* Another old resident is Mrs. HOLLARD. As a girl she lived with her aunt, Mrs. Nat VALENTNE, whose husband was the proprietor of the Aglionby Arms. Her day's routine, she recalls, included milking fifteen cows night and morning, and, of course, the making of butter and cheese. This necessitated rising at 3.30 a.m., and during the strawberry season fruit picking made further demands on time and energy
* Mrs. WOOD, a sister of the late John PROUSE, who earned wide distinction in the Old Land as well as in the land of his birth as an oratorio singer, has happy memories of such occasions. The family, she says, sang, and their home was the musical mecca of the Valley. It was a matter for great rejoicing in the Prouse family when their father arrived home in Wainui with a piano, which was conveyed from Wellington in a dray.
One of Mrs. Wood's brothers, Richard Prouse, enjoyed rather a novel entry into the world, for he was born in the calf house, in which the family had sought refuge during an earthquake, and he was rather fittingly baptised by the river.
* Mr. and Mrs. GEORGE BUCK, who arrived in 1842, were very well known identities of Taita, and Mrs. DOUGLAS BUCK now lives where the old home, a hotel which rejoiced in the name of "Honeymoon Cottage," once stood. The timber for this home was pit-sawn and came from the virgin bush. The Buck family lived at "The Oaks," nearby, a two-storey house with a balcony on three sides, which is still standing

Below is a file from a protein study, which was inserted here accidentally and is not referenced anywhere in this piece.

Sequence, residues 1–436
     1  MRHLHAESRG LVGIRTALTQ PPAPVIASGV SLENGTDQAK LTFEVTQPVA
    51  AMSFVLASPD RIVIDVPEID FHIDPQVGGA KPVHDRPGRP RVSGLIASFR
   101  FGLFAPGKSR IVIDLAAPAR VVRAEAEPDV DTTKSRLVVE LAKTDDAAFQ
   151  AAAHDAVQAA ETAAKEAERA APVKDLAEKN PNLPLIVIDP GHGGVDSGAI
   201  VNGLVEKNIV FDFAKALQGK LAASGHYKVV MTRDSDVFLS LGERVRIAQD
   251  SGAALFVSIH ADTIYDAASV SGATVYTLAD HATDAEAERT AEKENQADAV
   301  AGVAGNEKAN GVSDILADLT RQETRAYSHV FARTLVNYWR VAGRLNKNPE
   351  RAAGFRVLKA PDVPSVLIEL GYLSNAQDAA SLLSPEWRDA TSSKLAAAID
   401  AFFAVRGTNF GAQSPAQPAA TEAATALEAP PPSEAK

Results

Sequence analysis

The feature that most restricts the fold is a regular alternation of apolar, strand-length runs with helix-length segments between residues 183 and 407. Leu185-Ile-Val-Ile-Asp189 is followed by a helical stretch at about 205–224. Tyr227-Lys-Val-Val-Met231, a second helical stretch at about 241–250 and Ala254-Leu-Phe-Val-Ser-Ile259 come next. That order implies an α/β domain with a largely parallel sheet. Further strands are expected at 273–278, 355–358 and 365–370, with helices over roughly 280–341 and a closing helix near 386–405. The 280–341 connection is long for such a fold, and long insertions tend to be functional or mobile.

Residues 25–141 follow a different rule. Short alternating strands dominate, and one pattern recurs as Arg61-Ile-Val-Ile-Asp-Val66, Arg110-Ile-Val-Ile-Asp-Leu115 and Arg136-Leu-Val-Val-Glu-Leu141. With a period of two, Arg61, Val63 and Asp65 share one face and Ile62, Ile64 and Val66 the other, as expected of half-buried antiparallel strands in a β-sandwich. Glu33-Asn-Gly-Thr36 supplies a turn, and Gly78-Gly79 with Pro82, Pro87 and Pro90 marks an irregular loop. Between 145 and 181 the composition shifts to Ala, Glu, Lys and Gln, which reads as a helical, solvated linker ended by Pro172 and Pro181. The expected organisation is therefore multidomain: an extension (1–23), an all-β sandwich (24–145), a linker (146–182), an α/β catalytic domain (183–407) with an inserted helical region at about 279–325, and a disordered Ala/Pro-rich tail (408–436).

* The parents of a well-known Taita resident, Mr. JOB MABEY, arrived in 1841
* Mrs. Elizabeth MINOGUE was born at the Hutt in 1855 and lived near Naenae Lane. She was the youngest of a family of fourteen, and her sister and her brother each had families of the same size. She recalls how her mother, Mrs. Daniel PECK (nee GASKIN), anticipating a Maori raid, packed her precious crockery in a box and buried it for safe keeping; and how, on another occasion, her mother, perched on a bed, nursed her during an "old man" flood
* One of the oldest residents of the Valley is Mrs. LEE, widow of Mr. ROBERT LEE, the first school inspector in the Wellington district. Born in 1848, she still retains her faculties and enjoys excellent health. A valued possession is a beautiful painting of the Hutt Valley from her old home on the Western Hills, executed by her father, the distinguished artist, JOHN GULLY, in 1878.
- (a look at the wonderful paintings by John Gully)